RHYTHM GUITAR 005: Dynamics - Stress & Accent of Time

May 18, 2018:
RHYTHM GUITAR 005:
Dynamics - Stress and Accent of Time

 
 NEW  The fifth lesson of "Rhythm Guitar" studies the effects of adding dynamics around chord shots.

The lesson works on including more stress and accent to specific areas of the beat. This enhances the overall feel of the groove by emphasizing different areas of the beat.

A bonus to BASIC and PREMIUM web-site members are the MP3 play-along tracks that will help teach the specific feel of each accent demonstrated throughout the lesson. 



Paid Web-site members (BASIC and PREMIUM), can watch the associated video lessons and download the detailed PDF handout, along with the MP3 clap/strum play-along tracks...


Join the member's area to download the PDF handout and MP3's. Study all of the examples with full access to both video lessons. Be sure to spend some additional time on learning the "Rhythm Jam Challenge" piece that I performed at the start of the lesson in the "Part One" video...

Watch the Part One Video FREE on YouTube:




PART ONE:  In example one, a steady 8th-note groove applies a series of Power-chords from the key of "E Minor." The progression uses a number of rapid chord changes that shift quickly along the length of the neck.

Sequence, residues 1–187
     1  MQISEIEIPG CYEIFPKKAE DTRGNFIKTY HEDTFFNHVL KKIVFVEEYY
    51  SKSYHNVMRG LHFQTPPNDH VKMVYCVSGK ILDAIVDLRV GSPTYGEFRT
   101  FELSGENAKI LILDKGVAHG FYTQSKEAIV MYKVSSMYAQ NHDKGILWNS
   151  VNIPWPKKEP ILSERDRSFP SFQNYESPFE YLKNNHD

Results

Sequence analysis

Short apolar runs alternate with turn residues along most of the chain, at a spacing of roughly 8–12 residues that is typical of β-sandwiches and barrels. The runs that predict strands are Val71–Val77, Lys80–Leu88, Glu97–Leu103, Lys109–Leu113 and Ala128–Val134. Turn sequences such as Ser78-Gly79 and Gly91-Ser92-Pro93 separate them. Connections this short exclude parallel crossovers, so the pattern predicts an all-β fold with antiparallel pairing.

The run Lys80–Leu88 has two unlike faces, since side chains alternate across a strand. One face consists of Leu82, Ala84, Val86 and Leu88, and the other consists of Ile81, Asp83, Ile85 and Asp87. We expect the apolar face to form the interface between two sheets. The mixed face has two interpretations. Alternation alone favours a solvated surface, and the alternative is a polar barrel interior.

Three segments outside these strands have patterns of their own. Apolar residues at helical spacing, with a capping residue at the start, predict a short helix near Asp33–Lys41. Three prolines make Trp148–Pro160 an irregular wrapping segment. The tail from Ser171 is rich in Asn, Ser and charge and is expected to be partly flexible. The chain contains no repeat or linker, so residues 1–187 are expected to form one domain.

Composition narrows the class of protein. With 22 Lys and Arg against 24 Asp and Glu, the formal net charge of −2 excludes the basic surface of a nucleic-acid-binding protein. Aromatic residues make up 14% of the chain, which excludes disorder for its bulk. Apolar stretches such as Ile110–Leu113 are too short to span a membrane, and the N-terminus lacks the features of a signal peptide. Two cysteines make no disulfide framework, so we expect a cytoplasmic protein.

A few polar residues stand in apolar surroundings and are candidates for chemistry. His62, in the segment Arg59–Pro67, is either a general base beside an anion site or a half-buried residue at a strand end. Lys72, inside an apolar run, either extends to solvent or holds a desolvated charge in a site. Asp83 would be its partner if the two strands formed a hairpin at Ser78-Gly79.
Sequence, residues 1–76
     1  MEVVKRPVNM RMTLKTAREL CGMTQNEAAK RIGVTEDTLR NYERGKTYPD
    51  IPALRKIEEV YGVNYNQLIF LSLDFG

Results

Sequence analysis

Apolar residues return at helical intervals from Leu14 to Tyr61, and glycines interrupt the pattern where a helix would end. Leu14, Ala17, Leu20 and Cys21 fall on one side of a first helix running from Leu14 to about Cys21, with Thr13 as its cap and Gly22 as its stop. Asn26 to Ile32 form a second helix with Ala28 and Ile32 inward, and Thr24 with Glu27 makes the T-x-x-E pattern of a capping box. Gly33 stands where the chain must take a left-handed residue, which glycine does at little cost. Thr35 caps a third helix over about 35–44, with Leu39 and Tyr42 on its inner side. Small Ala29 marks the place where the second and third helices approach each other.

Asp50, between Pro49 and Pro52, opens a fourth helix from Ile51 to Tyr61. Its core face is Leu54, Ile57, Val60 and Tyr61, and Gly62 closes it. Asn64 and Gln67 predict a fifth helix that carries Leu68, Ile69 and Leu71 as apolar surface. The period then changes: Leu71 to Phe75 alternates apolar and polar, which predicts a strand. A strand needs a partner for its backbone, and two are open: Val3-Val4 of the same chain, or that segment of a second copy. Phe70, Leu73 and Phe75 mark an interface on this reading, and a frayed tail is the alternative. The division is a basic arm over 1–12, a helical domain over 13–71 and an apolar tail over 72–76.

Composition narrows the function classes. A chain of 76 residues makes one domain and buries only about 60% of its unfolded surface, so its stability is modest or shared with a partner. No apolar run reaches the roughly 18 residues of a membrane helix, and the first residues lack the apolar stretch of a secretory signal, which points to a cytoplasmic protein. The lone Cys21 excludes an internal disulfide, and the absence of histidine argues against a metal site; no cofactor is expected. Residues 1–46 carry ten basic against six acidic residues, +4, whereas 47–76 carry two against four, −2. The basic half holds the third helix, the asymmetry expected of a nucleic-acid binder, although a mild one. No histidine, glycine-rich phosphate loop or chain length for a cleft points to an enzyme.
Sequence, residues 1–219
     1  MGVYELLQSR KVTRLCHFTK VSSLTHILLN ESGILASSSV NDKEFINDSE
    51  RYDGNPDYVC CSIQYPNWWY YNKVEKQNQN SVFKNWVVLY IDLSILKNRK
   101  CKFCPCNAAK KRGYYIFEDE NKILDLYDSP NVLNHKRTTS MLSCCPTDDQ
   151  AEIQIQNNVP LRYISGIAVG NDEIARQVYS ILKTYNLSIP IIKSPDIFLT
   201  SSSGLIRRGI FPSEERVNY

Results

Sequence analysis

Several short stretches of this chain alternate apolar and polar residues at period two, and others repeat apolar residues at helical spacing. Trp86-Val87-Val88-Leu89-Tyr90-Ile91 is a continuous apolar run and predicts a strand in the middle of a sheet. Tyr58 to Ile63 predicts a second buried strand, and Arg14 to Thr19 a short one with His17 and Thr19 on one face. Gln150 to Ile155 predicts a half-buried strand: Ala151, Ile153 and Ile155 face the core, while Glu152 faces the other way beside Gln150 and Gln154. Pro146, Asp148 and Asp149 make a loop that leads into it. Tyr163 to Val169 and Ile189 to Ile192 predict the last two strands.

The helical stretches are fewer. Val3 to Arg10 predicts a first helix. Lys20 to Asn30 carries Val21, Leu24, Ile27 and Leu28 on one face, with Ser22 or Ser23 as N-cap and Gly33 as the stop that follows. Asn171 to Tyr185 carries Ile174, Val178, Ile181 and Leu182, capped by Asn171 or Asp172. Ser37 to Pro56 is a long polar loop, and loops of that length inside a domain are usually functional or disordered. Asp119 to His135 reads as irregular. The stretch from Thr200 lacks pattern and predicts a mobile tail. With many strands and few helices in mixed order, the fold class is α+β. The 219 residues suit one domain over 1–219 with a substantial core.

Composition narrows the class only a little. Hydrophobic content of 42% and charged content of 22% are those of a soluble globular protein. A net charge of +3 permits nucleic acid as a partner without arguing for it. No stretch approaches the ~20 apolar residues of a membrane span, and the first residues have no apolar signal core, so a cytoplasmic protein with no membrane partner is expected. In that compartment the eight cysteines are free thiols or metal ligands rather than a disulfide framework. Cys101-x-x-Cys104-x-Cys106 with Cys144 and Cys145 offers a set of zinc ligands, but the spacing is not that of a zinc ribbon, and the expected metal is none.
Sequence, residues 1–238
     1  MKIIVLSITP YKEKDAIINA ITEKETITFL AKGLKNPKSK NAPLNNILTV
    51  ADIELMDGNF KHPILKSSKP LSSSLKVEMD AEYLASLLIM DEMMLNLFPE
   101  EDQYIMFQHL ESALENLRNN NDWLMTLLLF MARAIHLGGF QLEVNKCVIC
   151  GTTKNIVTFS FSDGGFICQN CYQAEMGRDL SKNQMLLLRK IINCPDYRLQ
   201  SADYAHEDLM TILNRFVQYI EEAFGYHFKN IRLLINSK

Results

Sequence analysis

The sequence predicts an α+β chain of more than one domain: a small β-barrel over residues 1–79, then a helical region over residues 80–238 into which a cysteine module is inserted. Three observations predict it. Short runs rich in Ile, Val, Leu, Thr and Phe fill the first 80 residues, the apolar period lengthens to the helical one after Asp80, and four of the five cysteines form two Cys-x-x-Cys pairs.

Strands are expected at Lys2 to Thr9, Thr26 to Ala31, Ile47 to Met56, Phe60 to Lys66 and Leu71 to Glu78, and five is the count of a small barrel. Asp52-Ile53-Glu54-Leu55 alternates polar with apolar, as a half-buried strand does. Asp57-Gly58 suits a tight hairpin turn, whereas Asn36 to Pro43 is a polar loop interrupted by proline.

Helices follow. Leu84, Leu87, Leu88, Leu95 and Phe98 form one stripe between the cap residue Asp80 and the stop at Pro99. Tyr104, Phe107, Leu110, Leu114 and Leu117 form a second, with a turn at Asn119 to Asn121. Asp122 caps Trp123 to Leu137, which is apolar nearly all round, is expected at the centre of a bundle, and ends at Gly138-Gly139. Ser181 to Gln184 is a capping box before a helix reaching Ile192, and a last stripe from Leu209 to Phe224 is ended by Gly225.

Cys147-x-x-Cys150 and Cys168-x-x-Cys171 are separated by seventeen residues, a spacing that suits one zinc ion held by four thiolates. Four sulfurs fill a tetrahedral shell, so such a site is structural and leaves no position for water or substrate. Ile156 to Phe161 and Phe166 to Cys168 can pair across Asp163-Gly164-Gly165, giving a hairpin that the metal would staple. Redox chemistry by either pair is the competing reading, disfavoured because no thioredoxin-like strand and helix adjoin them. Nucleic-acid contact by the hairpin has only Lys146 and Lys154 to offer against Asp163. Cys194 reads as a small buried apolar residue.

The rhythm in example one is very steady, and uses all eighth-notes. Even though this steady feel occurs throughout, there are very specific pushes that happen upon beats one and three of each measure.


In example two, a folk strumming piece in "D Major," uses the feel of broken eighth-notes that applies both quarter notes and tied eighth notes. The groove is very consistent, duplicating measure by measure. Accents occur upon beats 1, 2 and 4.

The open chord voicings used in example two include open; "D, Em, C, G, and A." The progression is based in the key of "D Major," and applies these open position chords with a consistent folk strumming feel..
 




PART TWO:
In example three, the feel shifts to the 16th-note groove. Accents are organized across the riff on varied beats in time. The down-beats of one and three are of particular importance. In measures one and two there's an additional accent upon the fourth beats second sixteenth note.

There are five unique upper 3-string triad chord types used in example three. They include; "Bm, A, Em, G and F#m." Learn each chord shape and its location on the neck. Develop good technique at switching through the shapes along the fingerboard.

Example four, the groove and timing of the progression shift into the Jazz-swing feel. The concept with this rhythmic groove is multifaceted.

In a shuffle rhythm, (similar to swing), the first note in a pair may be twice (or more) the duration of the second note. In a jazz-swing rhythm, the ratio of the first note's duration to the second note's duration can take on a range of duration. The example four groove, is based upon eighth-notes and extends the duration of the first eighth.

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Paid members can download the handout along with the MP3 jamtracks in the members area at: CreativeGuitarStudio.com

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